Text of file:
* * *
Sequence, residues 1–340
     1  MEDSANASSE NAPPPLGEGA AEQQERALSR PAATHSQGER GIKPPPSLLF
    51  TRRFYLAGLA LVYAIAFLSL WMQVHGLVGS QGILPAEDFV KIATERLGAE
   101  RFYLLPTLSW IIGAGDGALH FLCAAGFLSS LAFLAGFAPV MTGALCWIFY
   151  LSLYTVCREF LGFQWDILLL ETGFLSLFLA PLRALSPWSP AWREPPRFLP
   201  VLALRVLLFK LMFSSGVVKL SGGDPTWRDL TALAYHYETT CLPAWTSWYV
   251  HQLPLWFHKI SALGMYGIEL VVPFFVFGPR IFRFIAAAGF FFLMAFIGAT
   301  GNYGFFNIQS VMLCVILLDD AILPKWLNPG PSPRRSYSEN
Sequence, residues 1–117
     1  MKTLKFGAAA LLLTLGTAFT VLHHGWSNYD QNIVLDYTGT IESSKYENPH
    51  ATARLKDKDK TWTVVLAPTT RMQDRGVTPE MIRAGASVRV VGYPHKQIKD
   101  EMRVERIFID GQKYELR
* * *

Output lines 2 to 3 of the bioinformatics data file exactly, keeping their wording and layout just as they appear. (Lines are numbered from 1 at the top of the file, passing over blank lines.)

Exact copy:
     1  MEDSANASSE NAPPPLGEGA AEQQERALSR PAATHSQGER GIKPPPSLLF
    51  TRRFYLAGLA LVYAIAFLSL WMQVHGLVGS QGILPAEDFV KIATERLGAE